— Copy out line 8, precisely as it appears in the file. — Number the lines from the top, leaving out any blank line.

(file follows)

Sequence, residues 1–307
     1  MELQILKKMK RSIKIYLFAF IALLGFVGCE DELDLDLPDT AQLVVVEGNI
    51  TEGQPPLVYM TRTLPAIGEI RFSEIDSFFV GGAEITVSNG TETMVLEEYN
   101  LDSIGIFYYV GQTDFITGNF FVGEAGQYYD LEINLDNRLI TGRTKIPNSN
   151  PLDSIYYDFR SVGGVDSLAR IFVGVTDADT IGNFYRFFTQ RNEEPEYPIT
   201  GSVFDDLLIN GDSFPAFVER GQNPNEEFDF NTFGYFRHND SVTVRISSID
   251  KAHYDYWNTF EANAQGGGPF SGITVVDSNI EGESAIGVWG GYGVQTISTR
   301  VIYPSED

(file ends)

   301  VIYPSED